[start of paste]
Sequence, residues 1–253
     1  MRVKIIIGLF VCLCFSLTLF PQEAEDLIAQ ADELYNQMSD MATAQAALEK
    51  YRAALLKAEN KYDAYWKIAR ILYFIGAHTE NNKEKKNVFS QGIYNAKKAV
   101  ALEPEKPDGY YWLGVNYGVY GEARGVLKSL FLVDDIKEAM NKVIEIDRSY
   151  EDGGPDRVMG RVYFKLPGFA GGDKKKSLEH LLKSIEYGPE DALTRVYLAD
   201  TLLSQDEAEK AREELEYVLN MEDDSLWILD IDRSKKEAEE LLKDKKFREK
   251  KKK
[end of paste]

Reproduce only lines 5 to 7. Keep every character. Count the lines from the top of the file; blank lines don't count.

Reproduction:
   151  EDGGPDRVMG RVYFKLPGFA GGDKKKSLEH LLKSIEYGPE DALTRVYLAD
   201  TLLSQDEAEK AREELEYVLN MEDDSLWILD IDRSKKEAEE LLKDKKFREK
   251  KKK